8. ^ CRAN Repository Maintainers. "CRAN Repository Policy". The Comprehensive R Archive Network. Retrieved 2020-11-02.((cite web)): CS1 maint: uses authors parameter (link)
  9. ^ a b CRAN Repository Maintainers. "CRAN Repository Policy". The Comprehensive R Archive Network. R Project. Retrieved 20 November 2020.
  10. ^ a b Hornik, Kurt (2020-02-20). "Frequently Asked Questions on R". The Comprehensive R Archive Network. 2.1: What is CRAN?: R Project. Retrieved 20 November 2020.((cite web)): CS1 maint: location (link)
  11. ^ CRAN Repository Maintainers. "The Comprehensive R Archive Network". R Project. Retrieved 20 November 2020.
  12. ^ CRAN Repository Maintainers. "CRAN - Contributed Packages". The Comprehensive R Archive Network. CRAN. Retrieved 20 November 2020.
  13. ^ Hornik, Kurt (1997-04-23). "ANNOUNCE: CRAN". r-announce (Mailing list). Retrieved 20 November 2020.
  14. ^ Thieme, Nick (2018). "R generation". Significance. 15 (4): 14–19. doi:10.1111/j.1740-9713.2018.01169.x. ISSN 1740-9713.
  15. ^ Fitzgerald, Brian (2016-02-09). "A Survey of Programming Language Package Systems". Some Things Are Obvious. Retrieved 4 May 2021.
  16. ^ "CRAN Task Views". cran.r-project.org. Retrieved 2018-09-16.
  17. ^ a b c "Metacran".
  18. ^ April 21, Matt Asay in Open Source on; 2016; Pst, 12:32 Pm. "Exponential growth of R's open source community threatens commercial competitors". TechRepublic. Retrieved 2020-11-02.((cite web)): CS1 maint: numeric names: authors list (link)
  19. ^ Ooms, Jeroen (2013). "Possible Directions for Improving Dependency Versioning in R". The R Journal. 5 (1): 197–206. doi:10.32614/RJ-2013-019. ISSN 2073-4859. S2CID 6791850.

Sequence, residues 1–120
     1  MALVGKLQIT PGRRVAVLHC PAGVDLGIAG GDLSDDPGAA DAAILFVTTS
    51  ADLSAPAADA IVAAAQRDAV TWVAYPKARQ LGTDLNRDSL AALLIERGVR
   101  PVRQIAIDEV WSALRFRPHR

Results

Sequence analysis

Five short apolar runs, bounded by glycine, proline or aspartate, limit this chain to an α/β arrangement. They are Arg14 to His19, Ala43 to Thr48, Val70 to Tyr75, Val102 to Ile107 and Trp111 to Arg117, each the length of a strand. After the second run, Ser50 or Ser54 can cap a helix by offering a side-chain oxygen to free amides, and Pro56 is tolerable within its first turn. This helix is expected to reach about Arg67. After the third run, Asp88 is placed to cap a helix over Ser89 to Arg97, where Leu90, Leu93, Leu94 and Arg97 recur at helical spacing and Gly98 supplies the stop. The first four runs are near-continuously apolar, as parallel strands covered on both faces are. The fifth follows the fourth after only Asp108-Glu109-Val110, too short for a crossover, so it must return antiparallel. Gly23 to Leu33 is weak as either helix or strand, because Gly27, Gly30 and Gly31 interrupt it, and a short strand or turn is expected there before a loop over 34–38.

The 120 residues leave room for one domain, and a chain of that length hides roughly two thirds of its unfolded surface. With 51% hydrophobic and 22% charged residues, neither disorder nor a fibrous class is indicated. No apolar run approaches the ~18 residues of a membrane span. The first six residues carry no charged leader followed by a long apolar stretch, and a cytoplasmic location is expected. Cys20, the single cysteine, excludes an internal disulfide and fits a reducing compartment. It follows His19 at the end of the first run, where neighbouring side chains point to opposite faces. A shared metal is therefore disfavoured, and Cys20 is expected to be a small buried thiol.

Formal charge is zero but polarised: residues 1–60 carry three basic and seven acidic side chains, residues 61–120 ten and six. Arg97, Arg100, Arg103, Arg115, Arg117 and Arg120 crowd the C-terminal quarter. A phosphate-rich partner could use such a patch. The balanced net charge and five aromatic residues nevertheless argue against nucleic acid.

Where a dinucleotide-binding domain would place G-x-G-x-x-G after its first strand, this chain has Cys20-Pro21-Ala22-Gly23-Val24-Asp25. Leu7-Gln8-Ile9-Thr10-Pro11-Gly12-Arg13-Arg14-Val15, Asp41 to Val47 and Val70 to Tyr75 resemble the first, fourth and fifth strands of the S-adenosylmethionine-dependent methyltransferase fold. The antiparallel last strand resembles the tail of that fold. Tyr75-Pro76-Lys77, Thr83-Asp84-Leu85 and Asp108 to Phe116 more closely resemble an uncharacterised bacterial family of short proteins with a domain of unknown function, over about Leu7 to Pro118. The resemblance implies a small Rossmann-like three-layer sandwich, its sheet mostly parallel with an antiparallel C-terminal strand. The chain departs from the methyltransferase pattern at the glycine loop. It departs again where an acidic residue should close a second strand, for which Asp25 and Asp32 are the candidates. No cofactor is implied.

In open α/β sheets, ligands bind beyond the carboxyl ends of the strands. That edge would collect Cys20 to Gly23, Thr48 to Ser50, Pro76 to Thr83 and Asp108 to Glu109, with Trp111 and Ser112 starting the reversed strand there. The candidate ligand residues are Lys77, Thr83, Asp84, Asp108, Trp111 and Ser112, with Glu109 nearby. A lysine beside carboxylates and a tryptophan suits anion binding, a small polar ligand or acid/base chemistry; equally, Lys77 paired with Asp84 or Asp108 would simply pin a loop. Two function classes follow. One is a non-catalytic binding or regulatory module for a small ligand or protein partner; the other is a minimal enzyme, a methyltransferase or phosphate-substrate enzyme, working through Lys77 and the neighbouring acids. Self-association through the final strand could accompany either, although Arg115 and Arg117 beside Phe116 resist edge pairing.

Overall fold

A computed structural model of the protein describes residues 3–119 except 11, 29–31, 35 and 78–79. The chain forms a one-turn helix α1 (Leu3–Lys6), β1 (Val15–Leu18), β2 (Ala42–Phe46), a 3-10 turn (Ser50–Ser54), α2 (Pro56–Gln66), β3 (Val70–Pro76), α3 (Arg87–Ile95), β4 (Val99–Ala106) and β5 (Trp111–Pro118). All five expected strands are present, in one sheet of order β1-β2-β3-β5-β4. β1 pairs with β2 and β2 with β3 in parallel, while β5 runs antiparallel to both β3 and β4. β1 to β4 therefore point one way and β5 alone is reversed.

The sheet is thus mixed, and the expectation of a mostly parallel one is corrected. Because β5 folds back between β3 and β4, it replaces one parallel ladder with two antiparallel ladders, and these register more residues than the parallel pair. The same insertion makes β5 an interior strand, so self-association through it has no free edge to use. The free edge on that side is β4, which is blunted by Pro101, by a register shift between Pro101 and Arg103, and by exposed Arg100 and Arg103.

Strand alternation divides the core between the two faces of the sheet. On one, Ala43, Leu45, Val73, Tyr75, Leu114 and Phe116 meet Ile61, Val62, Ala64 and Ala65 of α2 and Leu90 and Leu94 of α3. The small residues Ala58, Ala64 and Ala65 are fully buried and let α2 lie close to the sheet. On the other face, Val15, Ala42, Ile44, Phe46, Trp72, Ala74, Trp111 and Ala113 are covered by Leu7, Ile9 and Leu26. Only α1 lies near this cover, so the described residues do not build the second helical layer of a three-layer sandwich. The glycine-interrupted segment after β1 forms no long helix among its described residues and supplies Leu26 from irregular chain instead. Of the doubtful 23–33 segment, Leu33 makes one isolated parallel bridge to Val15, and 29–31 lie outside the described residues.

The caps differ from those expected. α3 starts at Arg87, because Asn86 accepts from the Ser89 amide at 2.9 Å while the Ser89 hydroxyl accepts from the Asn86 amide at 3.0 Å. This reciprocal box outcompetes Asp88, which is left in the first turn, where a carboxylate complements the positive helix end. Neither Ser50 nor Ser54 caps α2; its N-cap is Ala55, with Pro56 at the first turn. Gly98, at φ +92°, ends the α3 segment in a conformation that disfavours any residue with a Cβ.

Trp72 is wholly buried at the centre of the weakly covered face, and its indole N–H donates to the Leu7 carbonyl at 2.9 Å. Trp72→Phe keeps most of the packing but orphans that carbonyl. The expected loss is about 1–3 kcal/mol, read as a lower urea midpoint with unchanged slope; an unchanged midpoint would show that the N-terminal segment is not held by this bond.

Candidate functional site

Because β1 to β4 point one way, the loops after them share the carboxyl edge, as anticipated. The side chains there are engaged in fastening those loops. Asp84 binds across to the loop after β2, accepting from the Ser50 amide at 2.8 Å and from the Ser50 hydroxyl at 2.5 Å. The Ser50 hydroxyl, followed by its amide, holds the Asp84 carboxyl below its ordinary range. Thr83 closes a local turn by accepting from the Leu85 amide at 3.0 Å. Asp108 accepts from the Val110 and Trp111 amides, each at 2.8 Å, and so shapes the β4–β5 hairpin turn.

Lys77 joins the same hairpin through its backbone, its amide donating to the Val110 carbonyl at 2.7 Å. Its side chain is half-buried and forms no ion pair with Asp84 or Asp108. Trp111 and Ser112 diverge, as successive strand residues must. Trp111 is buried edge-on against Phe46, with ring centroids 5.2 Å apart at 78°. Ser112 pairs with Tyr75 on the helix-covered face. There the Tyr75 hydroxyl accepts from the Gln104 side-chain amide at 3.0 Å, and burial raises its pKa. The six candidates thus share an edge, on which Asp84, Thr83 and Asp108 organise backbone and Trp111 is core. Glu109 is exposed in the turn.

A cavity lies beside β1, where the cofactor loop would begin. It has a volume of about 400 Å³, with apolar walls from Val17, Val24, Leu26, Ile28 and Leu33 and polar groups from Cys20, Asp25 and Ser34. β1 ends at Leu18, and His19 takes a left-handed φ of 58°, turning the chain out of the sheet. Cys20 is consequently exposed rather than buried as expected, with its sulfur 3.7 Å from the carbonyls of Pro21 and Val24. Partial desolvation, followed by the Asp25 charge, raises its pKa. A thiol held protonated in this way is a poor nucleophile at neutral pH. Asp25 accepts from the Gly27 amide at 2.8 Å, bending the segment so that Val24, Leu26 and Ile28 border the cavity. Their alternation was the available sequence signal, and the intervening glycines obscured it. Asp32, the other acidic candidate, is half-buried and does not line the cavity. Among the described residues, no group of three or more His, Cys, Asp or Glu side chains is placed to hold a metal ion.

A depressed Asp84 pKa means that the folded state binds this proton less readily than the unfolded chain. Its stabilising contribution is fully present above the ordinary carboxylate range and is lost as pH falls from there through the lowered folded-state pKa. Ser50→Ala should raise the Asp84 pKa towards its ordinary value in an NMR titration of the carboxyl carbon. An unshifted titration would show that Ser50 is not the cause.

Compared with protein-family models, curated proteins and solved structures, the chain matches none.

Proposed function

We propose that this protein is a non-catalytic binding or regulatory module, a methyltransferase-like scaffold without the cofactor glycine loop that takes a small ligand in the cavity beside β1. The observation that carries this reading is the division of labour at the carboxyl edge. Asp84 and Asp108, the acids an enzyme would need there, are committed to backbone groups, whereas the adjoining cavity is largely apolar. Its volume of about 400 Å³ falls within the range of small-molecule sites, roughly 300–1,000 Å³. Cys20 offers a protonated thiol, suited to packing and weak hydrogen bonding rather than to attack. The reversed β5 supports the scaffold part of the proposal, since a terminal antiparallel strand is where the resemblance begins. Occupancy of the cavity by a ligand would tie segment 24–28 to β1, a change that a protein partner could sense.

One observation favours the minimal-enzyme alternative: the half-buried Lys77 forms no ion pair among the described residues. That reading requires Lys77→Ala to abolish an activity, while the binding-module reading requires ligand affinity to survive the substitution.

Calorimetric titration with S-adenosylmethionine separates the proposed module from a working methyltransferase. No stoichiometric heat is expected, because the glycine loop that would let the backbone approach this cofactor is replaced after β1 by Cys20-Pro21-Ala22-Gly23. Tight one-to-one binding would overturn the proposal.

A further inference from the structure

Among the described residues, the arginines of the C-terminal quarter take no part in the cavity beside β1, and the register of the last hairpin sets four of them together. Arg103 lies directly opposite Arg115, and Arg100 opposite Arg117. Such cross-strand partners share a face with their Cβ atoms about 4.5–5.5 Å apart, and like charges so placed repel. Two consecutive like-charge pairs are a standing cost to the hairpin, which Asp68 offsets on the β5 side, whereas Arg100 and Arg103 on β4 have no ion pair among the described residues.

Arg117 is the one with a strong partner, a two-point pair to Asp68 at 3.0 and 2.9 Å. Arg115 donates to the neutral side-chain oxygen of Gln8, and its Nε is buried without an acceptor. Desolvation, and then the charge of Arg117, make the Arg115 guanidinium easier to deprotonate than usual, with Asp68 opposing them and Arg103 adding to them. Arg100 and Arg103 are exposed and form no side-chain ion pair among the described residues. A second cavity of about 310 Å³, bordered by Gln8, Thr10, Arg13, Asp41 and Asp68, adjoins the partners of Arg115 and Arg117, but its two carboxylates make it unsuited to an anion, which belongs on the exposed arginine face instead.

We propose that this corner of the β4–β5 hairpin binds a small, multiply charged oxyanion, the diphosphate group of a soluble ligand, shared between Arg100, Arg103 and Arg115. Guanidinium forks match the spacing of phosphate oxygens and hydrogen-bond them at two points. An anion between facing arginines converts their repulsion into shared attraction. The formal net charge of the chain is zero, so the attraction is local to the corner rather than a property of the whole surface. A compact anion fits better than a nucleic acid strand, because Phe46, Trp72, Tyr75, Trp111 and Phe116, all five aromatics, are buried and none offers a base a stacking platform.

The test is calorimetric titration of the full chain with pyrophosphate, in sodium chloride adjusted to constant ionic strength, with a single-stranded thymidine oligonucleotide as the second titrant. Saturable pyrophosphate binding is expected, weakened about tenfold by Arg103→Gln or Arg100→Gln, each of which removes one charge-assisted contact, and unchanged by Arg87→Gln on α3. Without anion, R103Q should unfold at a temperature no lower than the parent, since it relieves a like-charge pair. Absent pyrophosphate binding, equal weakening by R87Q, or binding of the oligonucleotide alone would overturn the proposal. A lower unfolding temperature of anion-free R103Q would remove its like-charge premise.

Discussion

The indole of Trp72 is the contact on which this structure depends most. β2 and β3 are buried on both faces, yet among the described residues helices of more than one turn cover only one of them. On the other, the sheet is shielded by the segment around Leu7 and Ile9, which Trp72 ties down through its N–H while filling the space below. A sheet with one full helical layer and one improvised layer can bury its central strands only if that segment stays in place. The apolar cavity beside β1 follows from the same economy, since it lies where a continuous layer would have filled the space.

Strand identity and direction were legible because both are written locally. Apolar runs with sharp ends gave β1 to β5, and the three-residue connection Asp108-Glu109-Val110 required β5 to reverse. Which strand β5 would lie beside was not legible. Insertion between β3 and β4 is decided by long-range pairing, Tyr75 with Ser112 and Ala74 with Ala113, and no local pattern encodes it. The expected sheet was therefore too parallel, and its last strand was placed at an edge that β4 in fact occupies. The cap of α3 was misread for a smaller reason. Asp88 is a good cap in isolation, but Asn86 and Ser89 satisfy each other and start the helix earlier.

20. ^ Decan, A.; Mens, T.; Claes, M.; Grosjean, P. (2016). "When GitHub Meets CRAN: An Analysis of Inter-Repository Package Dependency Problems". 2016 IEEE 23rd International Conference on Software Analysis, Evolution, and Reengineering (SANER). 1: 493–504. doi:10.1109/SANER.2016.12. ISBN 978-1-5090-1855-0. S2CID 16751624.
  21. ^ Hornik, Kurt (2012). "Are There Too Many R Packages?". Austrian Journal of Statistics. 41 (1): 59–66–59–66. doi:10.17713/ajs.v41i1.188. ISSN 1026-597X.
  22. ^ "Welcome to MRAN". Microsoft R Application Network. Microsoft. Retrieved 4 May 2021.
  23. ^ "Reproducibility: Using Fixed CRAN Repository Snapshots". Microsoft R Application Network. Microsoft. Retrieved 4 May 2021.
  24. ^ Smith, David (2019-05-22). "MRAN snapshots, and you". Revolutions. Revolution Analytics. Retrieved 4 May 2021.
  25. ^ Lopp, Sean (2020-12-07). "RStudio Package Manager 1.2.0 - Bioconductor & PyPI". RStudio Blog. RStudio. Retrieved 4 May 2021.
  26. ^ Lopp, Sean (2020-07-01). "Announcing Public Package Manager and v1.1.6". RStudio Blog. RStudio. Retrieved 4 May 2021.
  27. ^ Huber, W; Carey, VJ; Gentleman, R; Anders, S; Carlson, M; Carvalho, BS; Bravo, HC; Davis, S; Gatto, L; Girke, T; Gottardo, R; Hahne, F; Hansen, KD; Irizarry, RA; Lawrence, M; Love, MI; MacDonald, J; Obenchain, V; Oleś, AK; Pagès, H; Reyes, A; Shannon, P; Smyth, GK; Tenenbaum, D; Waldron, L; Morgan, M (2015). "Orchestrating high-throughput genomic analysis with Bioconductor". Nature Methods. Nature Publishing Group. 12 (2): 115–121. doi:10.1038/nmeth.3252. PMC 4509590. PMID 25633503.
  28. ^ "R-Forge: Welcome". Retrieved 2018-09-16.
  29. ^ a b Hornik, Kurt (2020-02-20). "Frequently Asked Questions on R". The Comprehensive R Archive Network. 5.1: Which add-on packages exist for R?. Retrieved 2 November 2020.((cite web)): CS1 maint: location (link)
  30. ^ "R infrastructure".

Further reading